MANCHESTER, England — In those frantic final minutes, as all sense of order broke down, as the noise crackled and the tension grew, Arsenal’s players did what they always used to do, what they always seemed cursed to do, what they were always derided for doing.
After all those months of detailed, intelligent, intricate coaching from Unai Emery, all those hours in front of the video screen analyzing themselves and their opponents, all those days spent on the training field making the finest of adjustments to their body positions, they reverted to type.
The moment that encapsulated it best came not long after Manchester United’s second goal, its second equalizer in this 2-2 draw, though that was telling in itself. That second United goal had come only a minute after Arsenal had reestablished its lead, after Jesse Lingard had found himself in front of Bernd Leno, the Arsenal goalkeeper, with the ball at his feet, almost by accident.
He had wandered there — ambled, even — straight from kickoff. His movement belied no great sense of strategy, no cunning purpose. He took three paces backward after restarting the game, into Arsenal’s half. He jogged a little to his left, turned, and then watched as Romelu Lukaku and Shkodran Mustafi jostled for the ball.
More in hope than expectation, he took a couple of steps forward. Sead Kolasinac, for reasons best known to himself, tried to play a pass back to Leno. It made it only as far as Lingard, who needed a beat to realize quite what had happened, to process the nonsensical sequence of events that led him here, to the point where he was about to score a goal.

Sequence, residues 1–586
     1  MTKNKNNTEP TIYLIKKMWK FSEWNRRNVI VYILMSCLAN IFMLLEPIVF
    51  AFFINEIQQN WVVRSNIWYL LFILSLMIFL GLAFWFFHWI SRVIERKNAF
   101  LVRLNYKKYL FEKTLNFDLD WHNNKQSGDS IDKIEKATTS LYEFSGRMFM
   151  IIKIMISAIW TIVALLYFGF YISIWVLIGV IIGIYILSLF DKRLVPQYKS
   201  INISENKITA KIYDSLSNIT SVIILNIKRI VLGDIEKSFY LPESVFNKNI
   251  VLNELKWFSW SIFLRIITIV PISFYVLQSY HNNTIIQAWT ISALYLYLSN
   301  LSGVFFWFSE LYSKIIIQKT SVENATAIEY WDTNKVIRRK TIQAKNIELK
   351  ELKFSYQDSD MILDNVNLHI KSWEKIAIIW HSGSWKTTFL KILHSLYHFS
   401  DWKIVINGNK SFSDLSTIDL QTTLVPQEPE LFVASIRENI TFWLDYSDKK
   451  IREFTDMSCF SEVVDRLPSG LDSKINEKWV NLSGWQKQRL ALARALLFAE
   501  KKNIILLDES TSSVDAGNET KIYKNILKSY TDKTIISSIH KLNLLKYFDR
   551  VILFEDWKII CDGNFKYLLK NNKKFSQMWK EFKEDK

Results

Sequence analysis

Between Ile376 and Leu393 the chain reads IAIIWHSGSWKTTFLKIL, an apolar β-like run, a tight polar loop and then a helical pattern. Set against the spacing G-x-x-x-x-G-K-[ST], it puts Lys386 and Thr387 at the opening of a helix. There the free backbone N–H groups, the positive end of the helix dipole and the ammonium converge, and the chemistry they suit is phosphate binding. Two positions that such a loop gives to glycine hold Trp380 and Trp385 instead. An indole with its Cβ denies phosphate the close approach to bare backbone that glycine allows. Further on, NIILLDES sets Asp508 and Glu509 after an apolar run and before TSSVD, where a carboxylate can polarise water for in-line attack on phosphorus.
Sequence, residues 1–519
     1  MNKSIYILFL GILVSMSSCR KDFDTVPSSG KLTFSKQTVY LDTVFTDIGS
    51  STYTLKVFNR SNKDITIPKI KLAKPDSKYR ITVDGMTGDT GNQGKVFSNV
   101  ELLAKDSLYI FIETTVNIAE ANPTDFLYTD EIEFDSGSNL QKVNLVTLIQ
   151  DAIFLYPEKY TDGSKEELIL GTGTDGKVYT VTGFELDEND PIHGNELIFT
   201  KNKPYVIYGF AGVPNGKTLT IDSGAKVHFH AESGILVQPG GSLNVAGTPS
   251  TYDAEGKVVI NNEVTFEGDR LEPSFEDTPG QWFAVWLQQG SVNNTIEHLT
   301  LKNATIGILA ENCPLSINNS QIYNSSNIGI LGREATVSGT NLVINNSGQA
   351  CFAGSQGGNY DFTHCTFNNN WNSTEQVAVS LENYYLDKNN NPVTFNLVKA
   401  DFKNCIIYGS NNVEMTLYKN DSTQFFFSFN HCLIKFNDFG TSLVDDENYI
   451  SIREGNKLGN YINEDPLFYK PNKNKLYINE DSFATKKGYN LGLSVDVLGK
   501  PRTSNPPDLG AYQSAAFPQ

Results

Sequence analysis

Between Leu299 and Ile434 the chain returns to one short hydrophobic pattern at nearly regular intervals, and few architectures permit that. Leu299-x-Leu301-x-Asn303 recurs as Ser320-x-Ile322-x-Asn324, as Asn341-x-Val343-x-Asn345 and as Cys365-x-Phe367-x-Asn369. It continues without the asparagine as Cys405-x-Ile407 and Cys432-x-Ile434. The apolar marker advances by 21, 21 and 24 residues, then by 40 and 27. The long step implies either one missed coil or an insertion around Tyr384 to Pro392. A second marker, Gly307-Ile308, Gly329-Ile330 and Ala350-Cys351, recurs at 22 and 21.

At no point did any Arsenal player consider tracking his run. At no point did anyone try and challenge him, until Leno had no choice. It was all very Arsenal.
More telling still, though, was what happened a few moments after Lingard’s goal. Arsenal poured forward, desperate to atone for the string of errors that had allowed United to draw level. The move broke down. Suddenly, Lingard had the ball in the middle of Arsenal’s half, with three teammates around him. Arsenal’s defense had evaporated, its fullbacks marooned upfield, their responsibilities forgotten in the excitement. United blew the chance, but still. It was all very Arsenal.
This is what always used to happen, of course: the lapses in concentration, the drifting into complacency, the lack of discipline, the shortage of tactical common sense. These were the shortcomings that pockmarked the last years of Arsène Wenger’s reign as Arsenal manager, when his team was always one defeat away from a crisis and rarely more than a set piece away from a defeat.
They were the gifts that would be greedily gobbled up by opponents, the moments that would draw a roar of discontent from fans, the incidents that would come to dominate the post-match inquests and the radio phone-ins and, increasingly, the hyperbolic, performative fan channels on YouTube. They were the proof that Wenger had lost it, that his time was up, that he had to go.